Music is more than just an art form; it is an intricate, ever-changing business and industry.
Behind all the concerts, albums and artists there lies a complex and inclusive network of marketers, promoters, agents, talents buyers and other professions that make the music world run. The Associated Students Productions Pop Music Industry Conference is designed to give students and community members a glimpse of that network.
The third annual Pop Music Industry Conference will take place from 9:30 a.m. to 5 p.m. on Saturday, Feb. 25, in the Viking Union. Tickets are $10 for students and $20 for general admission.
“Battle of the Bay,” will take place after the conference at 7:30 p.m. at the Old Foundry on 100 E. Maple St. The battle is jointly organized by ASP Pop Music and the Old Foundry, and features local bands Heist, Eagle Teeth, Prime Time Band, The Vonvettas, CandySound and The Endorfins. Tickets for the show are $3.
The conference will begin with a brunch provided for the first 80 attendees. After brunch, B.J. Olin, manager for Seattle-based soul musician Allen Stone, will present a keynote speech to kick off the conference.
The next four hours will consist of three sessions of panels that will be in various VU conference rooms. The 13 panels make up the heart of the event. Attendees will be able to choose a panel of interest for each session from a multitude of different topics paneled by music industry professionals.
“We try to bring together a bunch of music industry professionals and give students the opportunity to get some insight from them, to network with them and just overall have a really beneficial learning experience,” said Craig Gorder, ASP assistant director for marketing and assessment.
Among the panels, ones such as “Rising Above The Rest: How to Make your Blog Stand Out” and “Dive Bars and Broken Cars: Planning a Successful Tour on a Budget” provide insight for artists and musicians wishing to advance their music career, while panels such as “Risky Business: Talent Buying and Promotion” and “Put a Label on it: Behind the Scenes of Working for a Label” gives prospective attendees a feeling for the business end of the music industry spectrum.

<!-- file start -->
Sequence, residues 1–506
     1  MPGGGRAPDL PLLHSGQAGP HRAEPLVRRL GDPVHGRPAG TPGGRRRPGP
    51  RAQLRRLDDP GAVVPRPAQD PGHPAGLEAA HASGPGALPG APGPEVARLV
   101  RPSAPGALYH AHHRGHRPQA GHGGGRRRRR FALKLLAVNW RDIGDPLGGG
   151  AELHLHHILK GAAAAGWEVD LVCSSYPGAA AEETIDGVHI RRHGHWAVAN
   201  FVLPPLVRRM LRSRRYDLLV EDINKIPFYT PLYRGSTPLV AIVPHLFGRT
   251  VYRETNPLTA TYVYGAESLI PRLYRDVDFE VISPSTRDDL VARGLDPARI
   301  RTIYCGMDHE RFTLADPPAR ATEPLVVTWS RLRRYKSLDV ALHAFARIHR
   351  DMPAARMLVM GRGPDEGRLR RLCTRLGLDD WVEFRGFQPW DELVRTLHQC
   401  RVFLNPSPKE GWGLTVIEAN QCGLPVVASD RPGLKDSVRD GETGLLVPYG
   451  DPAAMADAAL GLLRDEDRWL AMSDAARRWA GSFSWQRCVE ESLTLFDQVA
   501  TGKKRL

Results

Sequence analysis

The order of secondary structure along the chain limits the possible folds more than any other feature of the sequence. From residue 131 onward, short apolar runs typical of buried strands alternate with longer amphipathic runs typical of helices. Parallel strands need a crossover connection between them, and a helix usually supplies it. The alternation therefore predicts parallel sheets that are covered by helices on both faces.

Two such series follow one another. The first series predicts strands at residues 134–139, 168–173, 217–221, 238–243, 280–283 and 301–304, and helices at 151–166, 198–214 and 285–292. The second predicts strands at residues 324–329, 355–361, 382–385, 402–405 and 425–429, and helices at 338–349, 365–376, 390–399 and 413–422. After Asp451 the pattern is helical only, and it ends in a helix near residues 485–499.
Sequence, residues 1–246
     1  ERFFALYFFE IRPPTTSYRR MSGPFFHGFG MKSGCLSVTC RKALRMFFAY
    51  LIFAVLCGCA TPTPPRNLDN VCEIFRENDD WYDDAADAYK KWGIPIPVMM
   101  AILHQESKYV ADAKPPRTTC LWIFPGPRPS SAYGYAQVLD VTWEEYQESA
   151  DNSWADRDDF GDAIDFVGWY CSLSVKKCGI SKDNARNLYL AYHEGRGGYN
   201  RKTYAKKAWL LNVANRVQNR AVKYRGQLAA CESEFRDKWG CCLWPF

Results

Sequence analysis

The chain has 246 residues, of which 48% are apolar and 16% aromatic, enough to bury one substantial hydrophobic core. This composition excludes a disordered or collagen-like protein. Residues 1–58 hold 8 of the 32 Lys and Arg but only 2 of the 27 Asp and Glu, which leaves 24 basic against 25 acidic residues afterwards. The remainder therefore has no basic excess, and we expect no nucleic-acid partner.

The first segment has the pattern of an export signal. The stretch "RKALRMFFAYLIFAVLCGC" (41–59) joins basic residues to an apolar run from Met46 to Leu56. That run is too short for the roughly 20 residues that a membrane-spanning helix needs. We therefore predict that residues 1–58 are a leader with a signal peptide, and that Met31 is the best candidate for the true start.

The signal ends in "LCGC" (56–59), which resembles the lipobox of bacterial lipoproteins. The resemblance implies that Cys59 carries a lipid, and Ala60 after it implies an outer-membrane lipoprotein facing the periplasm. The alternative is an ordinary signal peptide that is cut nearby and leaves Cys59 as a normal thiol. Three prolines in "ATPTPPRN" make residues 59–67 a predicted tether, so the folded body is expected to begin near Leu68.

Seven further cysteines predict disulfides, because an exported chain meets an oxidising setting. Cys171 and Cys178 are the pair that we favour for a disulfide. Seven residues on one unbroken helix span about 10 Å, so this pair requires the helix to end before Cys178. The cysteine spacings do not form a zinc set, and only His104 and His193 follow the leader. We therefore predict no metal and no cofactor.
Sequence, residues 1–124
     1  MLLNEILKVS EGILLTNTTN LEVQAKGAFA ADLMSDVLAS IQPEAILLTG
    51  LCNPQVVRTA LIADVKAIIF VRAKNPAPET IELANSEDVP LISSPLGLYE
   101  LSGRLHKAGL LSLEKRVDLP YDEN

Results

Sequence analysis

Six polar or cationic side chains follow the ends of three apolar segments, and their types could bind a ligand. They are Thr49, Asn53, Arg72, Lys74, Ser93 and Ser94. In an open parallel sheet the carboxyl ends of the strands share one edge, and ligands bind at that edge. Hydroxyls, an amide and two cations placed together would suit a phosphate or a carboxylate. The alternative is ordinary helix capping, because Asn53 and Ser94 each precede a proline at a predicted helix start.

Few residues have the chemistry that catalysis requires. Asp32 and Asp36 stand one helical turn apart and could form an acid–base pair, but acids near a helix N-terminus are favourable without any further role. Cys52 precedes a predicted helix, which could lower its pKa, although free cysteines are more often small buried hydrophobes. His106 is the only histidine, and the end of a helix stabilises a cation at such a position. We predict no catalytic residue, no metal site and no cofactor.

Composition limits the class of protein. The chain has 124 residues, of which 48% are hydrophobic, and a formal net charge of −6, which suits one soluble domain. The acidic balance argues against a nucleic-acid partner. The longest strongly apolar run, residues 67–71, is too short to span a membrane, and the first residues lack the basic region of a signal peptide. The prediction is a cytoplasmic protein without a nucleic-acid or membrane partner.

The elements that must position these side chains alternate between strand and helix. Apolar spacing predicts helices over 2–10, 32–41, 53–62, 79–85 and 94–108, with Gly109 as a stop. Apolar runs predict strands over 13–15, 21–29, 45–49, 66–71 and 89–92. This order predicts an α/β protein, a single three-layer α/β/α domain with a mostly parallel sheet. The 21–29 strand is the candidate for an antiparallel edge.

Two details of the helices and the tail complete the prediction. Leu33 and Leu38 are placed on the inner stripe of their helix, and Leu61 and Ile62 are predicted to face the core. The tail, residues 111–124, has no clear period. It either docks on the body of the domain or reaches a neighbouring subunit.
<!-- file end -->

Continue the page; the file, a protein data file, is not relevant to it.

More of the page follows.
“It’s great to see what a wide variety we have and how it really is all encompassing of the music industry,” said Ryan Gallagher-Burkholder, ASP marketing coordinator for music and entertainment.
Some notable panelists attending the event are Chris Porter, the programming director for Bumbershoot, Seattle musicians Kris Orlowski and Scribes, and Hunter Motto, former Pop Music coordinator and current talent buyer for The Crocodile in Seattle.
“Putting yourself out there and getting to know people of a particular scene is critical,” Motto said. “How do you interact and work in a particular industry if you don’t know the people and how they work and what they’re like? The conference achieves that in a way. It gets you to shake hands with people.”
Motto said the most beneficial aspect of the event is the possibility for networking with the professionals and panelists face-to-face; an opportunity he said is a rare one.
“I’ve spent time cold emailing and cold calling people and sending out resumes without any real connection to people and it’s not effective,” Motto said. “It doesn’t get you work or find you a job. It’s really tough for someone who doesn’t even know you to give you the time of day when all of these people are getting 8,000 emails a day.”
The conference will conclude with, “Getting Your In: Internships and Entry-Level Positions in the Music Industry.”
For this panel, all attendees and panelists will congregate into one room to discuss some of the opportunities to gain entry into the safeguarded world of the music industry.
“I think this is huge for students who are looking to get into [the music industry] because it is so inclusive it seems that there aren’t many opportunities, especially for students, to get their foot in the door,” Gallagher-Burkholder said. “I think it’s huge. It’s not something that you see many places.”